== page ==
And I would target high school RHP Alex Scherff.

#55- RHP, Colleyville Heritage HS, Alex Scherff

BA has Scherff ranked at #60 overall. With his max of high-90’s fastball, and potentially the best change-up in the entire draft; I have no clue why he is ranked that low. Maybe it’s his signability (committed to Texas A&M). But that’s why I’m targeting this strategy. It may not be all that different from how they got 2016 second-pick, HS 3B Joe Rizzo to sign.

If Jerry and Tom McNamara have info that leads them away from Scherff for signability; I think there are great options at 1B from the college ranks here. Take your pick of LSU’s Gregg Deichmann, Wake Forest’s Gavin Sheets, Oregon State’s KJ Harrison, Arizona’s JJ Matijevic. I’m currently very high on Matijevic. His lefty swing is so clean, and he’s hit .383/.436/1.069 this year with 10 HR, 65 RBI, 30 doubles (*1st in the country), and 9 SB in 10 attempts. His strikeout to walk (38-23) isn’t as good as some others at 1B, but I think there is still more upside to him coming.

Moving into the 3rd round, I think the best options for Seattle at #93 are between a LHP, a C, and a SS. Baseball America has Wisconsin-Milwaukee C Daulton Varsho at #100, St. John’s SS Jesse Berardi at #105, and Xavier LHP Zac Lowther at #112.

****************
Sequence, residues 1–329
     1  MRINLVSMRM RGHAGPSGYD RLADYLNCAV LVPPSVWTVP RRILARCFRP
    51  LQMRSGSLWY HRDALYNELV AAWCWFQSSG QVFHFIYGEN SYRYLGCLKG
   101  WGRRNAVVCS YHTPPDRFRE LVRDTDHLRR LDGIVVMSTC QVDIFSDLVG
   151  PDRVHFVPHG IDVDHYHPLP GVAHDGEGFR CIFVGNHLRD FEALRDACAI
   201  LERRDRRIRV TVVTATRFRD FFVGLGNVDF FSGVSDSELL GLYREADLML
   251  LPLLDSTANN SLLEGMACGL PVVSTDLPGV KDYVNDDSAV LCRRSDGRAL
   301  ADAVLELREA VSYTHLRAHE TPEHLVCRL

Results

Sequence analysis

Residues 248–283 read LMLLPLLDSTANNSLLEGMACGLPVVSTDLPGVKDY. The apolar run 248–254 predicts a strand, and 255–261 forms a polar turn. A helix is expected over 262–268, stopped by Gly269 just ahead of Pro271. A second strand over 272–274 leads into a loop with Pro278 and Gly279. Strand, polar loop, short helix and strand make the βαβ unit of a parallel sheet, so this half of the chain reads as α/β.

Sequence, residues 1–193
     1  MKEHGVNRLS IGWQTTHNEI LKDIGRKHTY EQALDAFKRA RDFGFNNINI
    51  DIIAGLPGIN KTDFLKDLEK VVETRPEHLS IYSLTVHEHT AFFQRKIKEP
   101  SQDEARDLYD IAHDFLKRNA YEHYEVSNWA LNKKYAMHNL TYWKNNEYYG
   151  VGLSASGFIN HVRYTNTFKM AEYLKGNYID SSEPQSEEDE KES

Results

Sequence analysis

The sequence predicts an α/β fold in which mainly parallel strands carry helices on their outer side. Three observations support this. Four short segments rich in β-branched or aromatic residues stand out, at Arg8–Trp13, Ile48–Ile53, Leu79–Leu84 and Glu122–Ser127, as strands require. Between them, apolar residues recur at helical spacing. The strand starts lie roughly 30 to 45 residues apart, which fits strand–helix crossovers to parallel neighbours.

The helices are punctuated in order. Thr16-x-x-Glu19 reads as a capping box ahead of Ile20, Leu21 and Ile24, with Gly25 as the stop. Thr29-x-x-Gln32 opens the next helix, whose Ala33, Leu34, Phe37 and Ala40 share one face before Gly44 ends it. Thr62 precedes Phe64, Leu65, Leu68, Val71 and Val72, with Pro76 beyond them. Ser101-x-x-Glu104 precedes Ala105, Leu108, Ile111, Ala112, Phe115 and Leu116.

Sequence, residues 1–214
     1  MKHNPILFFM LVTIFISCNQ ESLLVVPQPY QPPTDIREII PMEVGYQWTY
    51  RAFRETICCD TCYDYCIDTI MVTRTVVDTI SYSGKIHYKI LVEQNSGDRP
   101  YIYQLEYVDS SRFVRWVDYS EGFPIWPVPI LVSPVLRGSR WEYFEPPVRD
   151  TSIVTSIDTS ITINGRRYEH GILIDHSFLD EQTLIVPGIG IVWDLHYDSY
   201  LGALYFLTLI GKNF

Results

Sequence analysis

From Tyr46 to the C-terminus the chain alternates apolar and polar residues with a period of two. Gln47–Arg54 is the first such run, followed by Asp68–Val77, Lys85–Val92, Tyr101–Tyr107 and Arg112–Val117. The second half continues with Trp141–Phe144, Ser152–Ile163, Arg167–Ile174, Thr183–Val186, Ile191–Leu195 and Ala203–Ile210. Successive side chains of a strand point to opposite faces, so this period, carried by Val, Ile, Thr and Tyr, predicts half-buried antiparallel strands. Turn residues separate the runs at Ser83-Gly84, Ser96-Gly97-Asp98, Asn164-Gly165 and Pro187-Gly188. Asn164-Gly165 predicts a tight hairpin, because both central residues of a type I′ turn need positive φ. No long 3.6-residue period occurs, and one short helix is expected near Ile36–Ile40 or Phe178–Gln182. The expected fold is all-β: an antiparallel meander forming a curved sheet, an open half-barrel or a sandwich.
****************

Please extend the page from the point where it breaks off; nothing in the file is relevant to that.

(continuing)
Varsho is a lefty-swinging catcher that has easily the best offensive season of all college catchers this year: .362/.490/1.133 slash, 11 HR, 39 RBI, 11 doubles, 6 triples, 10 SB in 10 attempts, and 46-39 BB-SO. Gets on-base a ton, and he’s really athletic for a catcher (6 triples and 10 steals?!).

Berardi is one of the few college shortstops I like in a bad year for SS. His hands are great, and offensively he went: .356/.456/.918 with 4 HR, 47 RBI, 12 SB, 38 BB, 35 SO.

Lowther posted a 2.92 ERA, 0.97 WHIP, 13.28 SO/9 (*4th in the country), and 3.73 SO/BB this year. He was also very effective in the 2016 Cape Cod League. As far as I can tell he’s working only 90-91mph with his fastball, but he’s getting a ton of swing-and-miss with a pretty nasty curve.

#93- LHP, Xavier, Zac Lowther

In the 4th round, having passed on Berardi, there are even fewer SS available. NC State’s Joe Dunand played SS this year, but probably projects more as a 3B. He’s lacking a bit in plate discipline (19 BB, 45 SO), but probably the best power tool from all SS this year (18 HR, 51 RBI, 12 double, 3 triple, 2 SB, .287/.368/1.000 slash. If he can refine his pitch selection, his .344 ISO is pretty attractive. He does have a great arm, as well. Oh, and he’s Alex Rodriguez’ nephew.